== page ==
Three months ago, I removed Tweetbot from my phone: I was spending too much time on Twitter, and getting too caught up in the hour-by-hour drama of politics. And that was definitely the right choice: I spent less time distracted and less time worrying about stuff that I can’t do anything about on the timescale when those worries appear.

I didn’t stop reading Twitter, though: I read it on my iPad at home instead. And what that revealed was that Twitter wasn’t causing problems just by being a distraction: the volume of time I spend reading Twitter instead of doing other things is higher than I would like.

Thinking about that more: if I run a thought experiment of what I would spend my time on if I magically had much more non-work time, I absolutely would not answer “follow more people on Twitter”. So that’s another signal that, yeah, I should reduce my Twitter usage.


The next question is: how? The obvious thing to do is to follow fewer people, until the amount of new tweets each day matches the time I want to spend on Twitter. A second option would be to stop being a Twitter completist: put in a time budget and accept that sticking within that means that I’ll miss stuff. And, of course, there’s always the option of quitting Twitter entirely; certainly the company’s behavior makes that attractive.

The problem with the first option is that I feel like I’m getting something valuable out of everybody that I currently follow on Twitter, I’ve pruned my follow list pretty well over the last year or two. The problem with the second option is that I have friends whom I follow where I actually don’t want to miss stuff they post. And the problem with the third option is the combination of the problems of the other two options.

That second option, though, gives a potential way forward: most of my timeline consists of people who aren’t my friends and who post in fairly high volumes. I’m following them for a reason, they do post interesting stuff, but, honestly, I’ll be fine if I don’t read everything they post or even most of what they post.

So I think what I want to do is divide people into two classes; find a way to be completist for one class; and only browse the other class.


The next question is: how? And I could use some advice here: this feels like it must be a standard problem, but I don’t really know how to solve it. Ideas that I’ve had so far:

1) Create two separate accounts, following the different groups of people on different accounts.

2) Only follow my friends on my main account, but create a private list for people I want to browse who aren’t my friends.

3) See if enough of my friends are on Mastodon (or, but that seems less likely) that I can make do with that.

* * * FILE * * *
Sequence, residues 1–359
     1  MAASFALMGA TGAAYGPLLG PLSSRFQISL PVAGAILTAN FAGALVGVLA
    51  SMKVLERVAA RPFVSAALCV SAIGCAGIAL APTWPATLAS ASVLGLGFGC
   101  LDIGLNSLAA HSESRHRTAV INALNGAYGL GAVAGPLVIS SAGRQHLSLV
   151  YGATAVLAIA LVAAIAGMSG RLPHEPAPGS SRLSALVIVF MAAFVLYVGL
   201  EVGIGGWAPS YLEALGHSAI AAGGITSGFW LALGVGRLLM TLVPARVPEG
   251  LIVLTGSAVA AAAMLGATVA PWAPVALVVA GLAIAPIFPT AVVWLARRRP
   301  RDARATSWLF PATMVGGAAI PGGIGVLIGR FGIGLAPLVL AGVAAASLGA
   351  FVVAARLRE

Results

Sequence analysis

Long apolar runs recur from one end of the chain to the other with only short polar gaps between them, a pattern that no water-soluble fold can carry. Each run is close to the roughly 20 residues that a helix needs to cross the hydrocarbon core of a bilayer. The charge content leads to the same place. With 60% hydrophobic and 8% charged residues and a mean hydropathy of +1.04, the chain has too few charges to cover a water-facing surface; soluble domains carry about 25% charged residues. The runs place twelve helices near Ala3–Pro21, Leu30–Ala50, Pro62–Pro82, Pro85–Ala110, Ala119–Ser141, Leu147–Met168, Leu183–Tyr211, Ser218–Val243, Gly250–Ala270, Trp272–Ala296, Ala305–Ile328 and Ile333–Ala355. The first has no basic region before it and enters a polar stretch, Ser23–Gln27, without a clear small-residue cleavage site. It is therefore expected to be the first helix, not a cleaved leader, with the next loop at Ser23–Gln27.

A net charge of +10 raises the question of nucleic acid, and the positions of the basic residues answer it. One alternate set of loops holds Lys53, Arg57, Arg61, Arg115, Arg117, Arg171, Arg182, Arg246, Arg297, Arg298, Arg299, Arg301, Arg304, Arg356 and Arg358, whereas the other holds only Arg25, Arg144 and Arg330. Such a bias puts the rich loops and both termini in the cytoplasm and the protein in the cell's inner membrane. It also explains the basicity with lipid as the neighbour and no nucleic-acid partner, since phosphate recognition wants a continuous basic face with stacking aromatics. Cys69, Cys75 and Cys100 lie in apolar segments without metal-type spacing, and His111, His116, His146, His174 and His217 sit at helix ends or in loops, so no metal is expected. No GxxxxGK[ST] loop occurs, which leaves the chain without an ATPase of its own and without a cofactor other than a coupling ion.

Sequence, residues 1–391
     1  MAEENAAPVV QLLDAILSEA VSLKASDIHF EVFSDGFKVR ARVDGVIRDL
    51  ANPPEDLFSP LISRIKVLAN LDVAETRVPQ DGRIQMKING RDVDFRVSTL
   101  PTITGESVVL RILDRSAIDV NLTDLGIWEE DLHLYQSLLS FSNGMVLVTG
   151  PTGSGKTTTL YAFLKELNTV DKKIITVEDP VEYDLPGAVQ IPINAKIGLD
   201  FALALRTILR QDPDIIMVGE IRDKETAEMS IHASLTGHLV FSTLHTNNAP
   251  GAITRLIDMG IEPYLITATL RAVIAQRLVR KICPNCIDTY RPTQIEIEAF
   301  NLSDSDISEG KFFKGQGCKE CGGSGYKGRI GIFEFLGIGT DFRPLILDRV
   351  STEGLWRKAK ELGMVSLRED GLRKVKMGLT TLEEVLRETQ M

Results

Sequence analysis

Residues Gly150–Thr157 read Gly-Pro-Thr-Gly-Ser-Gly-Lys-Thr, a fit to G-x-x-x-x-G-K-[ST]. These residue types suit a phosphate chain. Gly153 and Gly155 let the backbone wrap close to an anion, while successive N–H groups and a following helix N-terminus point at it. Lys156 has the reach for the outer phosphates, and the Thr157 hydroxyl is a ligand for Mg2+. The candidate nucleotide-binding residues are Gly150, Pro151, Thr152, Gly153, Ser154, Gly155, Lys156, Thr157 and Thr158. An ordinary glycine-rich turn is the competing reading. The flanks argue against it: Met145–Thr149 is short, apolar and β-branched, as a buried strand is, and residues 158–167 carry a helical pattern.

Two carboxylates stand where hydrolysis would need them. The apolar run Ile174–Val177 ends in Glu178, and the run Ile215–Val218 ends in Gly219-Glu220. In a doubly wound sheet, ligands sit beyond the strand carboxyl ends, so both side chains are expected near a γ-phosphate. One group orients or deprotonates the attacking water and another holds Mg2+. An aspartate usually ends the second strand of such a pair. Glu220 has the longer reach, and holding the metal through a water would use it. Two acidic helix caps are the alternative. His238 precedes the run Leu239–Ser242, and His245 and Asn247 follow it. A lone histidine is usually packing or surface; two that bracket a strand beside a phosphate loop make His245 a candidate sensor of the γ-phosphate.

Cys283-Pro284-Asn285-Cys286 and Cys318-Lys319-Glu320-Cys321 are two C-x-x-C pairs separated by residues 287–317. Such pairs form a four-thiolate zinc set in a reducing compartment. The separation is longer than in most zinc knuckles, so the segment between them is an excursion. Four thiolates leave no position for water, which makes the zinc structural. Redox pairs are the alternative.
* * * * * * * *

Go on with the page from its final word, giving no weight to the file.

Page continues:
4) Write a client of my own that can do this!

Also, whatever solution I end up with, I have a fairly strong preference for being able to carry it out on my iPad, though I can imagine using a computer to browse non-friends.


Thoughts? Any ideas that I’m missing? Does Tweetdeck have some magic solution to all of this? Here’s how I see the above:

1) This seems straightforward enough; though one downside that I see is that I can see myself accidentally replying from the wrong account, and in general account confusion isn’t great.

2) It feels weird not showing as following people whom I actually am paying some amount of atention to? And I’ve never used lists before, so I don’t really know how that works.

3) This is pretty tempting, actually: I do want to move off of Twitter, after all. I feel like other options aren’t well enough developed for this to work yet, but who knows.

4) This idea is, of course, ridiculous. The only serious argument for it, though, comes from the thought experiment mentioned earlier: one of the things that I would spend more time on if I had more time is some sort of personal programming project, and learning about iOS programming would qualify. Also, I wouldn’t have to write a full-fledged client: it just has to be enough for a subset of personal use, so rough edges are fine, and it doesn’t have to support reading direct messages or being notified about replies, I can use other apps for that. And it also has the side benefit that it would give me an excuse to pay money for an iOS developer account, which means that I could keep my custom Tokyo Mirage Sessions iMessage sticker pack permanently installed on my phone instead of having its certificate expire every week!


Writing that out, I think I’m going to take option 2, but I’ll actually think somewhat seriously about option 4? And if anybody has any pointers about this, I’m all ears: it feels like what I want to do is standard enough that somebody must have written up the best way to accomplish this?

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